Mathematics of Dominoes

Many mathematicians have been fascinated by the chain reaction of a falling domino.  After all even the simple fact that a small domino is able to knock over a much larger one suggests there’s something quite intersting with the chain reaction that is occuring.  It’s obviously due to  the momentum of the first domino but how can we work out the mathematics involved in this process.   After all just look at the momentum produced in this famous domino toppling scene – there’s another one on the BBC Iplayer, check this post and how to access it from the States –


So how does  this chain reaction work and how much bigger can each domino get to maintain the reaction.  There have been lots of guesses and arguments and commonly people tend to believe that each domino can topple one 1.5 times the size.  This is of course also dependent on spacing as well as the momentum generated.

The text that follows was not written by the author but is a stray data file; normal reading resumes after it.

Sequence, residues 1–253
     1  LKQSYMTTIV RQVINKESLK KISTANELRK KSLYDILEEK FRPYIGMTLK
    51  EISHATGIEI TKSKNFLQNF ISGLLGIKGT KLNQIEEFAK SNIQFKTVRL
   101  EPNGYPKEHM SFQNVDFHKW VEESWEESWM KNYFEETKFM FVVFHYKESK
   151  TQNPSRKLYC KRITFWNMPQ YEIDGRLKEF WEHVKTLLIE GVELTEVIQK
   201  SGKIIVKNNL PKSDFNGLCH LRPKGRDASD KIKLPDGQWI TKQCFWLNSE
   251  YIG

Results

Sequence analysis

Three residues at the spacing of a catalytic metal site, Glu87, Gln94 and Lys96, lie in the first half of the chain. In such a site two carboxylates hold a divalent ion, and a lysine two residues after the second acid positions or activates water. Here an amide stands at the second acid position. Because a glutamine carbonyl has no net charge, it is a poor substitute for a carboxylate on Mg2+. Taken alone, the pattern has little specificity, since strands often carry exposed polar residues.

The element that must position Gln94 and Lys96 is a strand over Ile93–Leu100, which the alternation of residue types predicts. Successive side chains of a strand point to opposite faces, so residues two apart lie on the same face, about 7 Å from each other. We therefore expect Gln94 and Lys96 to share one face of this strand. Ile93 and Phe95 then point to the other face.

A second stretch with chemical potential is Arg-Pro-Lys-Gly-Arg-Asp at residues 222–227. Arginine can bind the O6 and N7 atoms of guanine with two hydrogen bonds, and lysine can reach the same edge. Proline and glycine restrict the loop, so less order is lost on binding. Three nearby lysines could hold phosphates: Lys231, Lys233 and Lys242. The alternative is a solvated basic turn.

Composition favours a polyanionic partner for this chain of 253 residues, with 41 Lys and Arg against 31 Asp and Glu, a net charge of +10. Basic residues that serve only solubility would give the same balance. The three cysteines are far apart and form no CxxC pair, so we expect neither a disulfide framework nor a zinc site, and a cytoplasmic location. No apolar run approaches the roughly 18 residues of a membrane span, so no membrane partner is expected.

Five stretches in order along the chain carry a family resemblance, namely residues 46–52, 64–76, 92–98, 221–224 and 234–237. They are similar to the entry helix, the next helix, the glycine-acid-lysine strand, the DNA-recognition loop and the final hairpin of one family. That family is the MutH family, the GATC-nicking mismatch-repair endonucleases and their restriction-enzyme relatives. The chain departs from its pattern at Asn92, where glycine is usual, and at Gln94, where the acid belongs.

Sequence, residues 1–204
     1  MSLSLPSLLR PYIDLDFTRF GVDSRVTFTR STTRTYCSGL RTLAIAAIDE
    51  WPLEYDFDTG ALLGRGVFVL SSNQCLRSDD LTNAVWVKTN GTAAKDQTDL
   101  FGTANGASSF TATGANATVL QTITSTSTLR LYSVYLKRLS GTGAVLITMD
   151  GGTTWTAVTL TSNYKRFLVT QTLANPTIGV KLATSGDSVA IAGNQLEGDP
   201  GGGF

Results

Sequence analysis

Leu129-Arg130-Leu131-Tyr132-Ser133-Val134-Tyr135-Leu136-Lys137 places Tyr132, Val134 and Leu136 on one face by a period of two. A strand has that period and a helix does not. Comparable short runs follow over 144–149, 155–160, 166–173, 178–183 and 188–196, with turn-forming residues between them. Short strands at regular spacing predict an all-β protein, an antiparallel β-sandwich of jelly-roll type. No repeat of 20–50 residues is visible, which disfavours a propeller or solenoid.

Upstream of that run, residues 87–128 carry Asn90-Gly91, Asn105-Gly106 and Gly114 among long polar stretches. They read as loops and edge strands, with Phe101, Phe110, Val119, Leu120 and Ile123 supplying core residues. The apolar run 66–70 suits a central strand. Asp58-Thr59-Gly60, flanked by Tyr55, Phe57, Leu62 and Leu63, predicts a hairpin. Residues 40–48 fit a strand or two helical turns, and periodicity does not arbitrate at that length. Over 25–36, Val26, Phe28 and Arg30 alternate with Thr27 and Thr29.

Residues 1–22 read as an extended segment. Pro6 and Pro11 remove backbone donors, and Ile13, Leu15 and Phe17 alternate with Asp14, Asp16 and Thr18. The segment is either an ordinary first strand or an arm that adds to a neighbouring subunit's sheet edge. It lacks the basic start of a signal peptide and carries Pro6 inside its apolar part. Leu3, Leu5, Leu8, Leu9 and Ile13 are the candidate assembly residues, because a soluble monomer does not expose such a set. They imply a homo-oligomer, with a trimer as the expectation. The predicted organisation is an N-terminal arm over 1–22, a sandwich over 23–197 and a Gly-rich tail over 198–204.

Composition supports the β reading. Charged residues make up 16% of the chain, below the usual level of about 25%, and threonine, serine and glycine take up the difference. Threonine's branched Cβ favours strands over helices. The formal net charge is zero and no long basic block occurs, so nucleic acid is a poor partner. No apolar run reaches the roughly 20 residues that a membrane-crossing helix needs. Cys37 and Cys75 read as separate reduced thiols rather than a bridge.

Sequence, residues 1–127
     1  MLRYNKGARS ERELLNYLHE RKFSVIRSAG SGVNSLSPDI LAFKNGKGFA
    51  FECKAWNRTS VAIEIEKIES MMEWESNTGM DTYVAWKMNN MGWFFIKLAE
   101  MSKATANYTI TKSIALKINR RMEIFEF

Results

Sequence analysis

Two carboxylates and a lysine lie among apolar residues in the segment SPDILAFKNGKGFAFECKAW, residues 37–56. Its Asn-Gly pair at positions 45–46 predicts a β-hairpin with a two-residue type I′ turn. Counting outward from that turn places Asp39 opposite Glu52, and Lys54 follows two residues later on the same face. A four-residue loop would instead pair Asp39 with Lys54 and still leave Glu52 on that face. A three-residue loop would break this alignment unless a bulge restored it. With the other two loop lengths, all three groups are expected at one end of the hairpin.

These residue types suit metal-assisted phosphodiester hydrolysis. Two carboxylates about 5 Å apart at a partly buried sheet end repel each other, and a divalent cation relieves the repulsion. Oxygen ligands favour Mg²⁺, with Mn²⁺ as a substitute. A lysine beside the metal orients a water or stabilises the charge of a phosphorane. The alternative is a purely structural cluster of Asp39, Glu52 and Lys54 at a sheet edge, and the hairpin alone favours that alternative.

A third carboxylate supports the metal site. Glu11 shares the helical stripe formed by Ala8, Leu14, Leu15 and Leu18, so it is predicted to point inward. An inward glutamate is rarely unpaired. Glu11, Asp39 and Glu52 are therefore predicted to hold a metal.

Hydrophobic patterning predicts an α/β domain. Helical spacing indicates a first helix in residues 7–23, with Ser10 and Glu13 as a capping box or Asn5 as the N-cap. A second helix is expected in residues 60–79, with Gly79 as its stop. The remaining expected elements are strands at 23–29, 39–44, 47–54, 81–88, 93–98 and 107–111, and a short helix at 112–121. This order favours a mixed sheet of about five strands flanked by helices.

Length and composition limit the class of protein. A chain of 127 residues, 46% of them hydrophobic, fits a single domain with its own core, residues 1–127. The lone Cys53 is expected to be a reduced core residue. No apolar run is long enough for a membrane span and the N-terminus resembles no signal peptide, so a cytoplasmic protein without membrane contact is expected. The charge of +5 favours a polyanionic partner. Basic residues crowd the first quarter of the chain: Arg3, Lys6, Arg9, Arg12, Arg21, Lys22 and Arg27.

In a physics context it’s quite simple – when you lay a domino on it’s side it stores a certain amount of potential energy.  This energy is released when it’s pushed over.  The force required to knock the domino over is less than that generated when it falls over.  Therefore there is an amplification of the force which means a little domino can knock over a bigger one.

Well a mathematician from the Netherlands has simplified the issue for us all in a mathematical analysis.  His name is Van Leeuwen and makes a number of simplifications.  Things like the friction involved is infinite so there can be no sliding.  No elasticity in the contact between dominos and that they always stay in contact with each other.

Van Leeuwen then demonstrates that when  the dominos are spaced optimally that the maximum growth size of each domino is a factor of two.  So my wife was wrong, I don’t waste too much of my time browsing on the internet – I’ve now discovered this evening how to change to a fake ip address from here and also figured out how many dominos I’d need before I could harness enough energy to start knocking over tower blocks using this chain reaction !!

Further reading


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